Wednesday, April 25, 2012

Unpacking the Idea of Deep Relationship


This week is a big one in the Colwell/Coehoorn world. Maggie’s first birthday is on Sunday, April 29. And today, it really sunk in. We’ve been through a lot.

When I got home from work there was a stack of cards on the counter top in the kitchen. One of them included the line, “You and Stephen have been through more emotionally than almost anyone can understand.” This person could not have been more right. We’ve been through a ton emotionally. This is the most obvious challenge we’ve faced, so it’s the first thing most people think about. But there have been even bigger struggles that most don’t know or ask about. What about our spiritual welfare? How about our marriage?

I’m happy to announce that our marriage is strong, and I feel like I have better spiritual clarity than ever before. But Joy brought up an interesting point a few nights ago when we realized that no one has asked about our spiritual wellbeing or our marriage over the last year. Why aren’t people worried about that? That was an eye opener.

I’ve had a lot of quality discussions with friends and spiritual advisors lately about the spiritual journey I’m on and the questions I’m asking. The discussions inevitably turn to my desire for deeper relationship. A friend mentioned recently that not everyone has the same desire for deep relationship, and that not everyone is looking for the same depth in a church that I am. So I want to unpack that a little bit and tell where I’m coming from.

I believe God demands depth from our relationships. The simple fact that this is something that is “offered” in small groups and programs instead of being the standard really troubles me. True community has become an option instead of the norm, and we should be ashamed of this.

(Before I go any further I have to acknowledge that there are people and groups that are doing Godly community well. I admire them and what they have. I just haven’t seen it made a priority in the churches I’ve been part of.)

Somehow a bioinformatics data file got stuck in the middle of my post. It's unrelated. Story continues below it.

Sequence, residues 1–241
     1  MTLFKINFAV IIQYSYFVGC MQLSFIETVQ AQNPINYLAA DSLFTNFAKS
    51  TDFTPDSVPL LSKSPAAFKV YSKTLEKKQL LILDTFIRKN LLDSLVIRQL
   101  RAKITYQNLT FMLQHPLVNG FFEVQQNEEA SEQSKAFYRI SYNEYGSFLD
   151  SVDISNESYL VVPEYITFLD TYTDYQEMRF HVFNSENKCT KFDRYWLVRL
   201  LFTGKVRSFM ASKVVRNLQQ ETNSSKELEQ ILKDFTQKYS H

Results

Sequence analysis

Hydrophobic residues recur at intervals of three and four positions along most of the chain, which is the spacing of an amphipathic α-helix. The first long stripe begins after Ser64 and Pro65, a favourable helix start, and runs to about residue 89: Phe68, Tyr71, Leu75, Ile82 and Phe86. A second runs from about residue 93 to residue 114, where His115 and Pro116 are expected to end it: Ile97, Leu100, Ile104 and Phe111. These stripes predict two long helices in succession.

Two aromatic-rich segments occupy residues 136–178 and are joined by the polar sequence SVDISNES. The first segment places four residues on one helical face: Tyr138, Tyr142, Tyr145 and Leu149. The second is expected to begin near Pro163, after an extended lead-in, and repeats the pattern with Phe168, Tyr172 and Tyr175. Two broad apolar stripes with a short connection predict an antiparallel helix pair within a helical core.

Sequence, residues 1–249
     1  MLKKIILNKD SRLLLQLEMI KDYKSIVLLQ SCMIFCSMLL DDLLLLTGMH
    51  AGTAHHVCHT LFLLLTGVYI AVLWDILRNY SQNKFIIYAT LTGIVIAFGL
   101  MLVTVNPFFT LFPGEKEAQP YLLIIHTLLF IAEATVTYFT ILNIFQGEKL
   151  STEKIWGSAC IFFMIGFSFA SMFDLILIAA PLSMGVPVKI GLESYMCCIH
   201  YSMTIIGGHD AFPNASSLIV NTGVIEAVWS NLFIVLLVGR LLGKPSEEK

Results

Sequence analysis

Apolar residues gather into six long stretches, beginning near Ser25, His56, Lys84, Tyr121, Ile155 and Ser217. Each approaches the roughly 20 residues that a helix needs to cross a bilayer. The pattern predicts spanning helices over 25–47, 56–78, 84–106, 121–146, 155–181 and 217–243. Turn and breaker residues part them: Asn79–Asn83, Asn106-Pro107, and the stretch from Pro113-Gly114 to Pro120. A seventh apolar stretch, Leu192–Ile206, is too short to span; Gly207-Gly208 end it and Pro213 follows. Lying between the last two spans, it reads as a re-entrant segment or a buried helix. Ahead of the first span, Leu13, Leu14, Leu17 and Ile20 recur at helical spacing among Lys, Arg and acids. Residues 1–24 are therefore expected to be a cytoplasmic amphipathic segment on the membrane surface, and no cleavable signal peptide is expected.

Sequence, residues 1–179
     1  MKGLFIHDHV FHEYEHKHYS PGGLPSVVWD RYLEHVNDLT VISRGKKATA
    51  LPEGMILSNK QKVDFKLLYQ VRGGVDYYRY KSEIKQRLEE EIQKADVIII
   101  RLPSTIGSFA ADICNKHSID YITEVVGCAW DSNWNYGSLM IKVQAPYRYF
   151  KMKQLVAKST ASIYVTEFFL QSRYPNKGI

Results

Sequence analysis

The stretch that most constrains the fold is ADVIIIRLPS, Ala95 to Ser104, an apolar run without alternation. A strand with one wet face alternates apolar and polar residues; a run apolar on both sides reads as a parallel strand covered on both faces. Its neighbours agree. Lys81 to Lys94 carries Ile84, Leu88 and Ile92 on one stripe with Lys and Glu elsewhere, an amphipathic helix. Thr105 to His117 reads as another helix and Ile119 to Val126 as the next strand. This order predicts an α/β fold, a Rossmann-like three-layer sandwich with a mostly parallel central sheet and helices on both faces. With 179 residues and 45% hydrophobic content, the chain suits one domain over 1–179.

I’m not asking people to do something to benefit me. I’m simply looking at the model God laid out for us in scripture and asking where we went wrong. I understand selling all we have and living together the way the first century church in Acts 2 and 4 did isn’t a practical model in today’s society, but who ever said Christianity was supposed to follow rules of practicality? What if we gave up of our time to build true, deep, selfless relationships so we could give ourselves to each other in every way possible? What if we were able to pour ourselves into each other’s lives recklessly? Wouldn’t this take a step towards being more of what we are called to be?

A friend recently hit the nail on the head when he said, “You want people in your life who will pour themselves into your hurt.” This is exactly what I desire. And I believe it’s what God calls us to be for each other.

The further the calendar takes me away from Maggie’s death the more clearly I see what has been missing. I don’t believe our web of friends and acquaintances ever tried to neglect us, but even without that effort it happened. I believe this is due to the lack of depth I’ve been writing about. If we truly love each other and know the hurts of our brothers and sisters intimately we can’t help but put ourselves in a place to be emotionally, spiritually and physically helpful. When our relationships only go as deep as the surface level, so does our support to each other.